On Female Genital Cutting: Factors to be Considered When Confronted With a Request to Re-infibulate
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According to the World Health Organization, female genital cutting affects millions of girls and women worldwide, particularly on the African continent and in the Middle East. This paper presents a plausible, albeit hypothetical, clinical vignette and then explores the legal landscape as well as the ethical landscape physicians should use to evaluate the adult patient who requests re-infibulation. The principles of non-maleficence, beneficence, justice, and autonomy are considered for guidance, and physician conscientious objection to this procedure is discussed as well. Analyses of law and predominant principles of bioethics fail to yield a clear answer regarding performing female genital cutting or re-infibulation on an adult in the United States. Physicians should consider the patient’s physical, mental, and social health when thinking about female genital cutting and should understand the deep-rooted cultural significance of the practice.
KeywordsFemale genital cutting Female genital mutilation Re-infibulation Beneficence Autonomy
Jamilah is a twenty-year-old married Somali woman who immigrated to the United States two years ago with her Somali husband. She completed high school in Somalia and was married soon after. She is happy about being pregnant with her first child and comes into to an obstetrics clinic for her first visit. Jamilah’s obstetrician/gynecologist was educated and trained in the United States and engages in a positive doctor–patient relationship with Jamilah. Jamilah accepts her doctor’s prenatal advice on nutrition, vaccinations, and the various tests that will ensure the good health of both mother and baby. Throughout the conversation, Jamilah makes it clear that she believes that being a good wife and mother are her most important duties in life.
Upon examination, the physician notes that Jamilah has experienced Type III female genital cutting (FGC)—a type of female genital cutting wherein all external female genitalia are removed and the remaining defect is sutured closed except for a small area— and that her vaginal orifice is quite narrow. Jamilah informs her physician that she underwent FGC when she was seven years old in Somalia. She states that while the procedure was painful for her at the time, all the women in her community have undergone it. With more questioning, it is clear that Jamilah is not upset by the FGC and views it as a normal part of her life. Additionally, she states that in the eyes of her community and her husband, an “uncut” woman is not considered as mature or attractive as a woman who has been cut. At the end of the visit, Jamilah mentions that after the vaginal delivery, she would like the physician to sew her up again (re-infibulate) to restore her to current form. When the physician asks Jamilah why she would like to be re-infibulated, Jamilah states that since she has been infibulated for the majority of her life, she would like to be re-infibulated after the delivery.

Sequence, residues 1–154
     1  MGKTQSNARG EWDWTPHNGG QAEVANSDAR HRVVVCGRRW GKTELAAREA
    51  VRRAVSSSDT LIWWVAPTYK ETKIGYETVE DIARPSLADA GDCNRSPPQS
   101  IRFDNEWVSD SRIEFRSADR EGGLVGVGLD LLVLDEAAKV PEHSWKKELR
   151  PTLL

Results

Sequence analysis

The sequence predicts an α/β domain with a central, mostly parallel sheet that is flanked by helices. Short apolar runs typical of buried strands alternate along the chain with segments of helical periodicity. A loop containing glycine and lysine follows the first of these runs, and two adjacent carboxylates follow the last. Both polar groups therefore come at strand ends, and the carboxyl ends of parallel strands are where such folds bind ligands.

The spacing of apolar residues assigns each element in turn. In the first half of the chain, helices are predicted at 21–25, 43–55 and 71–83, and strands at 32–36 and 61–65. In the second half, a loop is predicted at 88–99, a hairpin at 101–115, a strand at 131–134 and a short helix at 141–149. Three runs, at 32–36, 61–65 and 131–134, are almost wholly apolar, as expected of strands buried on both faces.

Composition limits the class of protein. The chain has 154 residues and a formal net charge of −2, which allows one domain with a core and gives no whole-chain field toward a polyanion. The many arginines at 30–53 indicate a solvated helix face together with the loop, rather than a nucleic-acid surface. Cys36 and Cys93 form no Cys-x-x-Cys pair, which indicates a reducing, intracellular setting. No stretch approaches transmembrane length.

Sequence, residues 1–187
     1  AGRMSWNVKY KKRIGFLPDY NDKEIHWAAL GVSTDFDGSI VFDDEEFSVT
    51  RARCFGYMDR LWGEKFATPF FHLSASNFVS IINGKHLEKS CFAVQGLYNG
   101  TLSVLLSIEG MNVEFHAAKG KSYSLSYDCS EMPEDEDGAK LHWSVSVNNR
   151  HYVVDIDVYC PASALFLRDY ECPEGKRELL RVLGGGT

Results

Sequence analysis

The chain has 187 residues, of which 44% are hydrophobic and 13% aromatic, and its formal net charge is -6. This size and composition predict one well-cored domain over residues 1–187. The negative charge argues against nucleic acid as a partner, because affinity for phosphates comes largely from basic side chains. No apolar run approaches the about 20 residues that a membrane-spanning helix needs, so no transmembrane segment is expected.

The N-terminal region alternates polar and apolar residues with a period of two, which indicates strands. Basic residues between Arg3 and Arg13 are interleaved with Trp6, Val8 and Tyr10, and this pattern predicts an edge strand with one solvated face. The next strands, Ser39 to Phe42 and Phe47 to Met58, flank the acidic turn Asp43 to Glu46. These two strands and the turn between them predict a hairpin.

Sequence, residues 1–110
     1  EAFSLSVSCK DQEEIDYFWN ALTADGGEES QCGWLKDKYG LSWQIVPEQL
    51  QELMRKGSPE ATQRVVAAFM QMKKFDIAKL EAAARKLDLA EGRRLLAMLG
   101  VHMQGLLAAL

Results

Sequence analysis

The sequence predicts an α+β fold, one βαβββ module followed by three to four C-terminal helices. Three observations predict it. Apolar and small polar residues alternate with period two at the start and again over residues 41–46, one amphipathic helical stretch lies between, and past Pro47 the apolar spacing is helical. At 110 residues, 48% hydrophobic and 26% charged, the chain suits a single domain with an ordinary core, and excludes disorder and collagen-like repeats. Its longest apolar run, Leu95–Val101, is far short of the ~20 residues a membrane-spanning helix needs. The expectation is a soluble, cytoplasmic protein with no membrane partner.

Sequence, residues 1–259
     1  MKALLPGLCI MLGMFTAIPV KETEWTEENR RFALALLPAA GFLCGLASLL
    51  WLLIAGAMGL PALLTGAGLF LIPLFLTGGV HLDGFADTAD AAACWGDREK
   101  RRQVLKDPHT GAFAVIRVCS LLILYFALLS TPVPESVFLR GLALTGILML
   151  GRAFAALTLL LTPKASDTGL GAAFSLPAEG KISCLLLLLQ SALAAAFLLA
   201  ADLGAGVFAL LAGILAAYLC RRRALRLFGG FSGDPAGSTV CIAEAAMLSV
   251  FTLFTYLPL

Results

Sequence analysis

The physician is at a loss for how to respond because she knows that there are various legal and ethical aspects to consider, and she has never re-infibulated a woman before. The physician informs Jamilah that they will discuss this point further at her next obstetrics visit since it is still early in the pregnancy, and the physician needs time to decide whether or not she will comply with the post-delivery request.